Optional: After responding to the eight opinions above, write your own original opinion on one of the above prompts based on “Forecast Bleak” and/or the article. Present your opinion to the class, and allow your peers to respond to your opinion by moving around the room accordingly.

Required Materials: two large sheets of paper and markers

Home Activity

Examine the environment surrounding either your home or a place you like. Is it polluted? Does it have smog? What color is the sky? How does the air smell? Is it populated with many people, or is it relatively isolated from others? What buildings are in the area? Does the area have parks or greenspace? How could the physical landscape and atmosphere be improved?

Give the air in this environment a rating between one and 10. A one rating means the air appears clean and smells fresh, and a 10 rating means the air appears very dirty and smells toxic. Justify your rating.

Write one brief paragraph evaluating this environment and a second brief paragraph explaining what could be done to improve it.

Guest Speaker

Option One: Invite the author, Sophie Marie, who lives in England, to answer questions about her piece via Skype. Specifically, ask her to reflect on the extent to which the piece is informed by real-world issues.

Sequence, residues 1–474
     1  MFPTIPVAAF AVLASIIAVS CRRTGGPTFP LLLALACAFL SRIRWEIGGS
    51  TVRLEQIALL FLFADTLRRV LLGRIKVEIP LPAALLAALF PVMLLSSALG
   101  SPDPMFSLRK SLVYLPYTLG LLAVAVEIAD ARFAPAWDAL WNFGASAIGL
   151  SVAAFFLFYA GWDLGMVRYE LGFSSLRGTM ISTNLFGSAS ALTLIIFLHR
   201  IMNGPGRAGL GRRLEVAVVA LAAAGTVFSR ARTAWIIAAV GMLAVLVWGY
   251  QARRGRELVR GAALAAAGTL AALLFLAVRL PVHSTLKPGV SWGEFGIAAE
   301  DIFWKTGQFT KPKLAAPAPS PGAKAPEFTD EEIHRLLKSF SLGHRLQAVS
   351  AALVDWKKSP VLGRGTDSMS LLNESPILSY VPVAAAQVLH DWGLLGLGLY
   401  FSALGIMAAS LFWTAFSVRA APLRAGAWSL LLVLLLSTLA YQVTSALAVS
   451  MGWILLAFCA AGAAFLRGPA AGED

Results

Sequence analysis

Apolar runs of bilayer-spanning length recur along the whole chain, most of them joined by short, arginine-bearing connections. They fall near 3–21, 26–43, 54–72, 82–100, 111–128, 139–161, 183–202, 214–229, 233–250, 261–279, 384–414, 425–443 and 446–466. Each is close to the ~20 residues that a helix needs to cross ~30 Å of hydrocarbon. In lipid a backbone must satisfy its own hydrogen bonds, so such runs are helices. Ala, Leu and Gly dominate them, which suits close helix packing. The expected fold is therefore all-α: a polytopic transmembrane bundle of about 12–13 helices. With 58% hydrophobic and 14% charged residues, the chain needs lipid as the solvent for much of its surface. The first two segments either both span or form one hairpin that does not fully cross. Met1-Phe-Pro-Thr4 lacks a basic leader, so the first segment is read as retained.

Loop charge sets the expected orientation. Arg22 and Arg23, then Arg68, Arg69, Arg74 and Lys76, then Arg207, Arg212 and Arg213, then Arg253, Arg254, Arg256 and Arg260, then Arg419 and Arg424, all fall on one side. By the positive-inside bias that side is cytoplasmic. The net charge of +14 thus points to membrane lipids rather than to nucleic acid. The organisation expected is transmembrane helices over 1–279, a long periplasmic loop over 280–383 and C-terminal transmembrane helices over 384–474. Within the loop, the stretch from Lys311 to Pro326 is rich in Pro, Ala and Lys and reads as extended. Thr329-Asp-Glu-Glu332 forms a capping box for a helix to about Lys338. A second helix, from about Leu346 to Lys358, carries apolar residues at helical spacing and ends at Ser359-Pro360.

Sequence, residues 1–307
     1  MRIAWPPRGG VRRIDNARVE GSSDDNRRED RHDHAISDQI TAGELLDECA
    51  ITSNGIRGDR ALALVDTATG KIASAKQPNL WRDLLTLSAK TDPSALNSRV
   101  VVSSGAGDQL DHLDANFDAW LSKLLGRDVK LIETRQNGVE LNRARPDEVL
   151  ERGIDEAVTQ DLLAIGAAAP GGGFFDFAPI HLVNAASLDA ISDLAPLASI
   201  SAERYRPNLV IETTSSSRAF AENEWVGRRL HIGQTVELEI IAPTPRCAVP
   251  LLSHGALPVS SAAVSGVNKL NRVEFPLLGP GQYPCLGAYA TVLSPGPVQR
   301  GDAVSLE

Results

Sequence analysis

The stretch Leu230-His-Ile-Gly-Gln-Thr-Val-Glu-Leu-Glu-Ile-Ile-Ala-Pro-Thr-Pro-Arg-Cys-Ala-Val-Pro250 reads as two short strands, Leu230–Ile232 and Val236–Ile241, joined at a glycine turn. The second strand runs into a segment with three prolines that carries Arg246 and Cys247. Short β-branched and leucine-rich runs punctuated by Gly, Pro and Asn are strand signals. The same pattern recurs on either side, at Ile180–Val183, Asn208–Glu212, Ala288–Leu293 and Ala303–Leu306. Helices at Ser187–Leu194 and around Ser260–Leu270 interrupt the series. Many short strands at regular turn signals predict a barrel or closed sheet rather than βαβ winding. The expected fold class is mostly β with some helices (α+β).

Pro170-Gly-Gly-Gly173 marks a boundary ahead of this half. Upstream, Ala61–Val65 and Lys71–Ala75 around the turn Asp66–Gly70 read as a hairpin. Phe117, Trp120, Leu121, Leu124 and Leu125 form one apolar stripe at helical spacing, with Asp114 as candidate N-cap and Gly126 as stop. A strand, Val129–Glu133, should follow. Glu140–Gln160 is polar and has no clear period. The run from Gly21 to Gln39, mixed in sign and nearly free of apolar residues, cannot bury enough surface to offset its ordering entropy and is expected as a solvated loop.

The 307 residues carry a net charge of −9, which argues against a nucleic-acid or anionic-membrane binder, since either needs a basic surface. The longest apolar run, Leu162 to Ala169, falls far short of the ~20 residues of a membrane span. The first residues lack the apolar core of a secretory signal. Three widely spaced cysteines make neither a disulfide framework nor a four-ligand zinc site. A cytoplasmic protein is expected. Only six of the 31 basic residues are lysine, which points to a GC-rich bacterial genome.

Option Two: Invite the artist, Brett Bean, to speak to the class about how he created artwork for the story, as well as his career as an illustrator and designer.  Ask him to lead an art workshop.

Option Three: Invite Dr. Alex Hall of the UCLA Center for Climate Science to speak about his work, climate change, and its impact in Southern California. Please contact Dr. Hall at [email protected] or the Center for Climate Science: (310) 825-5008.

Note: Literature for Life helps coordinate and facilitate author and artist visits.

Field Trip

Visit the La Brea Tar Pits and Museum (5801 Wilshire Blvd., LA). Explore the tar pits and learn how they formed and still contain bones of prehistoric animals. During the field trip, take notes on the tar pits.

Read more about the tar pits here: https://bit.ly/2HxO1Ik

Follow-up Writing Activity: